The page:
UPDATE: I updated this article with some information about password cracking with the reason to use the algorithms bcrypt or scrypt to store the user’s password instead of hash + salt mechanisms. Moreover, I proposed a new RNG based on the usage of /dev/urandom if OpenSSL is not available.
If you are a professional web developer, Read More →

C++ Copy Constructor passed by value or by reference ?
The parameter in the copy constructor A(A other) is an instance of type A.
When the copy constructor is executed, it calls the copy constructor itself because of the pass-by-value parameter.
Since endless recursive calls cause call stack overflow, a pass-by-value parameter is not allowed in the C++ Read More →

To create the shared (*.so) library, use these steps
Example instructions for compiling
1) g++ -fpic -c CLib.cpp
2) g++ -shared -o libCLib.so CLib.o
3) g++ CLibTest.cpp -o CLibTest -L. -lCLib
C Programming Tutorial in Linux #040 - Dynamic Shared Library

Tell your C++ compiler which instantiations to make while it is compiling your template class's .cpp file.
(If you've already read the previous FAQ, this answer is completely symmetric with that one, so you can probably skip this answer.)
As an example, consider the header file Foo.h which contains the following template class. Note that method Foo<T>::f() Read More →

Google C++ Style Guide

Table of Contents

Header Files

Self-contained Headers
The #define Guard
Forward Declarations
Inline Functions
Function Parameter Ordering
Names and Order of Includes


Nested Classes
Nonmember, Static Member, and Global Functions
Local Variables
Static and Global Variables


Doing Work in Constructors
Explicit Constructors
Copyable and Movable Types
Delegating and Inheriting Constructors
Structs vs. Classes
Multiple Inheritance
Operator Overloading
Access Control
Declaration Order
Write Short Functions

Google-Specific Magic

Ownership and Smart Pointers

Other C++ Features

Reference Arguments
Rvalue References
Function Overloading
Default Read More →

Provide a surrogate or placeholder for another object to control access to it.
Use an extra level of indirection to support distributed, controlled, or intelligent access.
Add a wrapper and delegation to protect the real component from undue complexity.
You need to support resource-hungry objects, and you do not want to instantiate such objects unless and until they Read More →

Since a time_t is only required to represent time intervals of ±68 years, and many implementations use a base year of 1970 for representing the current time, there is an inability for many popular C++ implementations to represent dates and times after 2038. This means that a lot of software could break in 2038, if Read More →

1. Mapping Objects to Databases
2. Active Record
3. Data Mapper
4. Using a Repository
5. Identity Map
6. Lazy And Eager Loading
7. Virtual Proxy Pattern
8. Taking the Next Step
Data access is a popular subject among developers. No doubt you've heard plenty of opinions on specific data access technologies and persistence frameworks, but what's the best way to consume these Read More →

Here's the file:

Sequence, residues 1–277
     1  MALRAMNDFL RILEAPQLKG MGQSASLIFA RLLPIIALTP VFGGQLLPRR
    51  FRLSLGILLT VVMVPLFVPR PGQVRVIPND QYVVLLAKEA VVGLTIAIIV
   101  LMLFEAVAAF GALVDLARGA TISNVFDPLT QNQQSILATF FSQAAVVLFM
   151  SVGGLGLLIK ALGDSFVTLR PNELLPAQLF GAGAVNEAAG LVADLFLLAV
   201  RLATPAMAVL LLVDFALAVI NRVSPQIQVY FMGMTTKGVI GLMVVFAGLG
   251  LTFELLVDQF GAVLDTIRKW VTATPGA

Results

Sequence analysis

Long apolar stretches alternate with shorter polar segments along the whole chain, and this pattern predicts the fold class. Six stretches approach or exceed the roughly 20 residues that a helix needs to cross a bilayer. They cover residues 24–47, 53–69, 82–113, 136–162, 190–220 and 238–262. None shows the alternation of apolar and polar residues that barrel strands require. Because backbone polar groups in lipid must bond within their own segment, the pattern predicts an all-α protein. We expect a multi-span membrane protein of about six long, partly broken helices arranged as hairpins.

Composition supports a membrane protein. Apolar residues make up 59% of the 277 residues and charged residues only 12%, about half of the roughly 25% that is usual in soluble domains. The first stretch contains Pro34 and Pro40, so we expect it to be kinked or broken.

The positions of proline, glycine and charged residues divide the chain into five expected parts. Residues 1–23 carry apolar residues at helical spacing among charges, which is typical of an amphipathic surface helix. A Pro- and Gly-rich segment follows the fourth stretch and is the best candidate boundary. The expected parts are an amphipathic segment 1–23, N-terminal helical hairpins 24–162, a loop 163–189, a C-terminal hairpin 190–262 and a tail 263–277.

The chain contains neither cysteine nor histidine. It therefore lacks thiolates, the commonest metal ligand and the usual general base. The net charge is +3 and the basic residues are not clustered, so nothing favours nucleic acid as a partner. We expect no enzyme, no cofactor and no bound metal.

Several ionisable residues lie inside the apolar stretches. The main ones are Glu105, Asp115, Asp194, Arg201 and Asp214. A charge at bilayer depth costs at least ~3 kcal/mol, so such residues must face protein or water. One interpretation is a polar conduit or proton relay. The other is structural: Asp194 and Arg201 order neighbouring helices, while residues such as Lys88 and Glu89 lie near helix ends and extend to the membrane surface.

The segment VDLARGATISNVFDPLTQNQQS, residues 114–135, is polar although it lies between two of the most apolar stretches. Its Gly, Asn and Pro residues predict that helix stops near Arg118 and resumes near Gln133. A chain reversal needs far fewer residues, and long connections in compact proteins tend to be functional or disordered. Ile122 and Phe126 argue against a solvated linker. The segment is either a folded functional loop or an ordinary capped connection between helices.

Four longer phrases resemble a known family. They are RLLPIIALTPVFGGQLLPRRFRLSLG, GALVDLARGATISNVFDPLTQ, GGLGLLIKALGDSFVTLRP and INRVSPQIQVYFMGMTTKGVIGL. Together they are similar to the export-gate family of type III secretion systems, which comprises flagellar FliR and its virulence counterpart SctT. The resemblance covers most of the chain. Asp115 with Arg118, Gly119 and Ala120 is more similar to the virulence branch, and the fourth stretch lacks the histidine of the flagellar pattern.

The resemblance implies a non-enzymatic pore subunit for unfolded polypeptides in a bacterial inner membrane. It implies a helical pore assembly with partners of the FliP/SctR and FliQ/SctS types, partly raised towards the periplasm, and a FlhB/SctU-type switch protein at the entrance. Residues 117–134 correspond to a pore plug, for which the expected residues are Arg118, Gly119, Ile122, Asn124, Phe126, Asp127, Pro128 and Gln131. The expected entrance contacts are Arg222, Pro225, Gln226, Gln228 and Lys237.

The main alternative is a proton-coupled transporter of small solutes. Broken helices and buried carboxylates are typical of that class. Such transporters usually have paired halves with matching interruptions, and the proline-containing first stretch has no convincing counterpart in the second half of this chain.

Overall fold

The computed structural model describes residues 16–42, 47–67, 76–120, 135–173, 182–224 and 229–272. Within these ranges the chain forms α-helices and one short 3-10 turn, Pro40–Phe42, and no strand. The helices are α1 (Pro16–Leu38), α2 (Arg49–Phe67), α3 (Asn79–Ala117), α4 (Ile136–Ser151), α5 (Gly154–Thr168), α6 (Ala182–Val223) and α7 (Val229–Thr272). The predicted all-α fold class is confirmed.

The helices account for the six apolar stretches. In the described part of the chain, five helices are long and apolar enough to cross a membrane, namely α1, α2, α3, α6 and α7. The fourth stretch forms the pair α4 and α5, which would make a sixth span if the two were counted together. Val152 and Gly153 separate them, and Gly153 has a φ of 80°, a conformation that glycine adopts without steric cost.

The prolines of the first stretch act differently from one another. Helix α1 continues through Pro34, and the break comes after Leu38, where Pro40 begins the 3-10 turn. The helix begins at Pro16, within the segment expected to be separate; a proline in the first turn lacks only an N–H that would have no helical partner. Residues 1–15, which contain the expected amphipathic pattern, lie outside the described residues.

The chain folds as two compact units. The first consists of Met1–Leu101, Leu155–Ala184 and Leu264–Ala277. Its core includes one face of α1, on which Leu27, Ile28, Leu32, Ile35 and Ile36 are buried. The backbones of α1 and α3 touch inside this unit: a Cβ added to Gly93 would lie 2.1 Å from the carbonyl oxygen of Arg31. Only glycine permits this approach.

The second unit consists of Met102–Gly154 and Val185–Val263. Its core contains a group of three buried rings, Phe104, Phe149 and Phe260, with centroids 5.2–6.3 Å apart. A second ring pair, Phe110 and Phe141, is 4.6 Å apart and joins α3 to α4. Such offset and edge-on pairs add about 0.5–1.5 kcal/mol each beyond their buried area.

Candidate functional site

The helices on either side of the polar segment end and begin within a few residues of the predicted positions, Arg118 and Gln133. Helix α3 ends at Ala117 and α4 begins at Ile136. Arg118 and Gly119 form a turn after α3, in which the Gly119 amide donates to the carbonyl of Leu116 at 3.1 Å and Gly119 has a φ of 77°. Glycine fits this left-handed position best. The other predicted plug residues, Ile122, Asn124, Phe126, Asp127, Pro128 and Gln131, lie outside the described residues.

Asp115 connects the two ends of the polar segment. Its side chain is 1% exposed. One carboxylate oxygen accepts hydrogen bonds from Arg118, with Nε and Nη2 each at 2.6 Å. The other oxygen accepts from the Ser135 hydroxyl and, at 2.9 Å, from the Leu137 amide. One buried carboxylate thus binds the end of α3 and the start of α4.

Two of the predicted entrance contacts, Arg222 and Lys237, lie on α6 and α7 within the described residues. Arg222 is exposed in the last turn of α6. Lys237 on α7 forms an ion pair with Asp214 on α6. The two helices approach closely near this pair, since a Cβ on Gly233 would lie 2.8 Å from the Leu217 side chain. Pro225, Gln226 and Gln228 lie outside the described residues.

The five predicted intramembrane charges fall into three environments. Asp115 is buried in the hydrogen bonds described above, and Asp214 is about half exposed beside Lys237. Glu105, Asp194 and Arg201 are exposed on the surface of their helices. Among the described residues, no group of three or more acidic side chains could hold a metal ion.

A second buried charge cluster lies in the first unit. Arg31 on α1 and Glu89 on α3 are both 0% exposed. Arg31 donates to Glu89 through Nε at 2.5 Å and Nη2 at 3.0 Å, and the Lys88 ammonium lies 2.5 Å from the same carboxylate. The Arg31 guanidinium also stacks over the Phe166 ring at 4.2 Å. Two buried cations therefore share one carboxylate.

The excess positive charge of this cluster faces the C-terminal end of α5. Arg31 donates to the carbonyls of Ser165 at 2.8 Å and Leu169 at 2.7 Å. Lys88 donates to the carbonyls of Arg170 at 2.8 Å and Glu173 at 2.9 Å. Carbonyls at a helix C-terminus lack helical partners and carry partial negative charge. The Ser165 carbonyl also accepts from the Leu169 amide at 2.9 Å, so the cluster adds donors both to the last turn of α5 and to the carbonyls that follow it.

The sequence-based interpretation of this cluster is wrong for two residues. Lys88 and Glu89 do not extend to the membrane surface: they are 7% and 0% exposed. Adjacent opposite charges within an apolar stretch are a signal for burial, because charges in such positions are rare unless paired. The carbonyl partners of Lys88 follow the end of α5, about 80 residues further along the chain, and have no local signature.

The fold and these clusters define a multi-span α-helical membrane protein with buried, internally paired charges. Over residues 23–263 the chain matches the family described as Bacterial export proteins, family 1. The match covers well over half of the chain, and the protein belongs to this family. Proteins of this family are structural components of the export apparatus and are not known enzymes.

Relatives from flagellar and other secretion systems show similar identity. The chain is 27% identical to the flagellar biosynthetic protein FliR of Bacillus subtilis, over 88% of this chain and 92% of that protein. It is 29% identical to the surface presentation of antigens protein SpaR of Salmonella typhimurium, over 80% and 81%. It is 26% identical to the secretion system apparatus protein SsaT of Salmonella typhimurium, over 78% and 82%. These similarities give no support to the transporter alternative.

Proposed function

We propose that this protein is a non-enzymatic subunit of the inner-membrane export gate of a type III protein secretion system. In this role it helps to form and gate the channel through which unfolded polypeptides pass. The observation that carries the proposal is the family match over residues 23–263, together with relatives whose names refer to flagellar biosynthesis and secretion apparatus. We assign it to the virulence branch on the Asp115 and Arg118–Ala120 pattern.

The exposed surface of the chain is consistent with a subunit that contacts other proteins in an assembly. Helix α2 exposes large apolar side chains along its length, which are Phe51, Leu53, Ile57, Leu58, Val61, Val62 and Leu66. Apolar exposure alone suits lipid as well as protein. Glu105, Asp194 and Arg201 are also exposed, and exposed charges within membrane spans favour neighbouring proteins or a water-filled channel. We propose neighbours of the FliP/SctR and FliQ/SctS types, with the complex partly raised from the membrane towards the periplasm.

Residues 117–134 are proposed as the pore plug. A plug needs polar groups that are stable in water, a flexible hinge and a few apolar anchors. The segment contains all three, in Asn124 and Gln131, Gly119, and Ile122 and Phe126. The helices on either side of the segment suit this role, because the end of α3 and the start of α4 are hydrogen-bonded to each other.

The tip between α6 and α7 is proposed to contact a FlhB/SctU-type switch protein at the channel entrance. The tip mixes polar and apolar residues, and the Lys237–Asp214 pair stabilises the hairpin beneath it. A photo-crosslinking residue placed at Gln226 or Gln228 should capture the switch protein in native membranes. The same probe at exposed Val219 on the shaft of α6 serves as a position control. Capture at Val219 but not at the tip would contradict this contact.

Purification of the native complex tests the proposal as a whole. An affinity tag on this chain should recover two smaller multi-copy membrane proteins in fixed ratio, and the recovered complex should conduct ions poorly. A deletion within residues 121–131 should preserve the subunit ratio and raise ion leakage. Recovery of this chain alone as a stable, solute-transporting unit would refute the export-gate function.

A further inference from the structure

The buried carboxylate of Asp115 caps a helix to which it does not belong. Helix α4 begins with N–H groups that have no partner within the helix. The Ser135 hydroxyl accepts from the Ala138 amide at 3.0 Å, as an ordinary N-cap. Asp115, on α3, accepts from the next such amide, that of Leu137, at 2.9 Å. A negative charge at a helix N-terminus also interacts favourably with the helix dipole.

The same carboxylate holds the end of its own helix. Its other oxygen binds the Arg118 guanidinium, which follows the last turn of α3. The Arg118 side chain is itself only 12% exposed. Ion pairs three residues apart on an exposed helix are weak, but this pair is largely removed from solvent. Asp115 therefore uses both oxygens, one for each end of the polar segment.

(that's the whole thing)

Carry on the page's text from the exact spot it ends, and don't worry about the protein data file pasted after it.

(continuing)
This piece of code illustrates how your compiler library handles different settings of the TZ environment variable. It also shows
the problematics arising from time zone conversion localtime/gmtime when daylight saving is currently in effect and the time to be converted would have no daylight time set and vice versa.
In your shell set the environment variable Read More →

You have two objects, and you need to know if their respective classes have a base class/derived class relationship or if they are unrelated.
Use the dynamic_cast operator to attempt to downcast from one type to another. The result tells you about the class’s relationships.
Example presents some code for doing this.
Determining class relationships

#include <iostream>
#include <typeinfo>
using namespace Read More →

ODB is an open-source, cross-platform, and cross-database object-relational mapping (ORM) system for C++. It allows you to persist C++ objects to a relational database without having to deal with tables, columns, or SQL and without manually writing any mapping code. ODB supports MySQL, SQLite, PostgreSQL, Oracle, and Microsoft SQL Server relational databases as well Read More →

In this article we will learn to implement a One-To-One relationship between two classes. As in the previous article, at first we will try to understand the best use of a One-To-One relationship.
There might be a situation where we need to implement a relationship between a student and his registration number. In a university a Read More →

In this article we will learn to implement a Many-To-One relationship in a C# class. As in the previous two articles, we will explain the scenario where a Many-To-One relationship is relevant. Think about the situation where we want to represent a relationship between a teacher and a student. It is a very common scenario Read More →

In this article we will see how to implement a Many-To-Many relationship in a C# class. Let's explain a few scenarios where a Many-To-Many relationship is relevant.
The relationship between a Cricket match and Cricketer is one example of a Many-To-Many relationship. One Cricket match is played by many Cricketers and one Cricketer takes part in Read More →

The following macro is not quite as compact as a single-use ostringstream or boost::lexical_cast.
But if you need conversion-to-string repeatedly in your code, this macro is more elegant in use than directly handling stringstreams or explicit casting every time.
It is also very versatile, as it converts everything supported by operator <<(), even in combination.

#include <sstream>
#define SSTR( Read More →